For caregivers, navigating a senior’s medical needs can be a confusing and daunting task. Here are 5 key questions caregivers should always ask.
According to theconversation.com, The population of seniors, or people age 65 or over, in the United States neared 48 million last year and is steadily growing. Consequently, millions of adult children find themselves taking care of their parents’ medical needs. This can be a daunting task because many older individuals have complex health conditions. According to the National Council on Aging, almost 70 percent of seniors have two or more chronic diseases. As a result, they see an average of four different specialists a year.
Taking a lot of different drugs can lead to troublesome side effects or drug interactions. Having specialists who do not necessarily communicate with each other can lead to other complications. What can you do to try to avoid these problems? The answer is: Learn to ask questions and become your parents’ advocate.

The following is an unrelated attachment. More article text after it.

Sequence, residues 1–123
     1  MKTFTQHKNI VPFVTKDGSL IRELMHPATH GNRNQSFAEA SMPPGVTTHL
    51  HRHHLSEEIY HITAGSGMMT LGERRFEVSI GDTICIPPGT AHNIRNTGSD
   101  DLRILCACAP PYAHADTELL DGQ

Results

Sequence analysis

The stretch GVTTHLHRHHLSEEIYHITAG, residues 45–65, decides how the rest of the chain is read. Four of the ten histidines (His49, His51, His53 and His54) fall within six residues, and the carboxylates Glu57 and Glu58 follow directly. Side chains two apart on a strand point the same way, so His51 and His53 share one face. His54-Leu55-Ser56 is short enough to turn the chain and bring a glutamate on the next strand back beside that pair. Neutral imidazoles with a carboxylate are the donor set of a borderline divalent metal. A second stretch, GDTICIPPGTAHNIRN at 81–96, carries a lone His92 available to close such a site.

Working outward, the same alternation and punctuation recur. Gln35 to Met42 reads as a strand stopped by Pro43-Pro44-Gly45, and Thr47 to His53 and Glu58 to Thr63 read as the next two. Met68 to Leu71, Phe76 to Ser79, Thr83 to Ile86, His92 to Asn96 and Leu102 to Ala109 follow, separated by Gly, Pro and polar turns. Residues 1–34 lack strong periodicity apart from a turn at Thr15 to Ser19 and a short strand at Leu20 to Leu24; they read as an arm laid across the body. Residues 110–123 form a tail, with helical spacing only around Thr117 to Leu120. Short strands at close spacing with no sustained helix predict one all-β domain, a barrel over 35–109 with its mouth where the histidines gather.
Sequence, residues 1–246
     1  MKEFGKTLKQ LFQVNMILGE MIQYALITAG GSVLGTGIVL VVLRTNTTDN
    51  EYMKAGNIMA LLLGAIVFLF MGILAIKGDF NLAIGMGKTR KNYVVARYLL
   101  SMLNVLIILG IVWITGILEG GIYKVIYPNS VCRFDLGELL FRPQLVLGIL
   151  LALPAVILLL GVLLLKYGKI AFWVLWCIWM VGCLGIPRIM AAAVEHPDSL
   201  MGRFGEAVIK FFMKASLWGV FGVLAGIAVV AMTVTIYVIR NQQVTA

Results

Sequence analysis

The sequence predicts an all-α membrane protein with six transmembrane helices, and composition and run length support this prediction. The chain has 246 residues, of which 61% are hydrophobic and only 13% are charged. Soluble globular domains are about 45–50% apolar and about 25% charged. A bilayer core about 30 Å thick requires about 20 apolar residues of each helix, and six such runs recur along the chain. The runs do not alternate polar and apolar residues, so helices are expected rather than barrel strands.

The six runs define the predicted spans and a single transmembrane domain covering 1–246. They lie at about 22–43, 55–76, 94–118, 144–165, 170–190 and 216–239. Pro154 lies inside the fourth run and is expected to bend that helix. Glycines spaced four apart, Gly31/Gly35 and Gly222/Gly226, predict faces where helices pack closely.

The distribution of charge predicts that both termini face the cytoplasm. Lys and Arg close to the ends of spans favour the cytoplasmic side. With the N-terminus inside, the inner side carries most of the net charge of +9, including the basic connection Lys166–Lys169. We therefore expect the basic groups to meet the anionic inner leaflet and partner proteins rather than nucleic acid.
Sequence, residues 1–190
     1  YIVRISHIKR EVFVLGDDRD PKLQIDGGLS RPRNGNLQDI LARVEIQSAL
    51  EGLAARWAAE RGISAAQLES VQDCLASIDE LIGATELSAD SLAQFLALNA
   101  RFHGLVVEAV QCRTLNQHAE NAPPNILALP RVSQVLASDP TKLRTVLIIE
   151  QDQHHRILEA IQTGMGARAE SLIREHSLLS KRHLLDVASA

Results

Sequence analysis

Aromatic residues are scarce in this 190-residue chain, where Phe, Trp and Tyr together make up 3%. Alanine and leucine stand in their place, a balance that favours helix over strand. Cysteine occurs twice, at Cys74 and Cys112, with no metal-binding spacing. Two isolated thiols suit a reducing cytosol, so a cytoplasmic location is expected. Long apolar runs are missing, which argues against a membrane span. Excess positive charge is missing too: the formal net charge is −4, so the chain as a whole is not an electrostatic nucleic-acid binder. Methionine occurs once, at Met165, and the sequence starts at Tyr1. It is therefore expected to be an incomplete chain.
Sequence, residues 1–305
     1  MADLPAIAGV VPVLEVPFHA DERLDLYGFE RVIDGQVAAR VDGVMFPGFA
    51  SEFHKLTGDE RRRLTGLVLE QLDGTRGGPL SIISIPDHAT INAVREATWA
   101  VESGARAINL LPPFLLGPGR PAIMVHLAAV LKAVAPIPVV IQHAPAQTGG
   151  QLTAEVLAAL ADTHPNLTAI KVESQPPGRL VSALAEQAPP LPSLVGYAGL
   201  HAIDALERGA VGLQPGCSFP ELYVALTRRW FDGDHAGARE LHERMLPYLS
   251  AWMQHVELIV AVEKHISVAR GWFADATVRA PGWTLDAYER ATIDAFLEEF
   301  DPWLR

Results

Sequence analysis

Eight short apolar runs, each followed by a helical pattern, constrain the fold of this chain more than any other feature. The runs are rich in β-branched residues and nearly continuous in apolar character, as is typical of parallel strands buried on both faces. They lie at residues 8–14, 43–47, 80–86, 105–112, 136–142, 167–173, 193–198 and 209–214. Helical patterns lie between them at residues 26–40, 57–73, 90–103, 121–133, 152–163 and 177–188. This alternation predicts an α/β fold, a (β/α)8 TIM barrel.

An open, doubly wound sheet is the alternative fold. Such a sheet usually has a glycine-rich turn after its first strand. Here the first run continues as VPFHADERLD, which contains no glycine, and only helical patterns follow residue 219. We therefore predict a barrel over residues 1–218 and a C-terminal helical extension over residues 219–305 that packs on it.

According to the author, she is a professor of law and bioethics and was involved in her own parents’ care at the end of their lives. As she wrote about in her book, “Aging with a Plan: How A Little Thought Today Can Vastly Improve Your Tomorrow,” she learned that you can do a great deal to help oversee loved ones’ health care and to avoid some of its pitfalls.
Here are five key questions that you should not hesitate to ask.
1. Does my parent really need this many drugs?
Be familiar with your loved one’s full medication list, and keep track of any changes. If the list is long and a doctor wants to add another drug, ask if it is really necessary. You should also request that your parent’s geriatrician or primary care physician review the complete medication list periodically. Does it raise any concerns?
In 2012, about a year before the author’s mother died, she suddenly seemed to lose her mental capacities. In a matter of two days, she went from being a frail but clear-minded 83-year-old to acting as though she had advanced dementia. She stopped wanting to eat, stopped communicating and slept most of the day.
After an agonizing period of trying to figure out what was wrong, it turned out to be a drug-drug interaction. She was 83 and weighed only 104 pounds. Yet, she had been on 12 drugs, and a doctor added an unlucky 13th. We slowly eliminated most of the drugs and got her down to five essential medicines. She slowly regained her cognitive capacities, but there were two months during which she had no memory. My mother’s story is not unique – I have since read and heard others like it. It should be a cautionary tale for anyone with a very long medication list.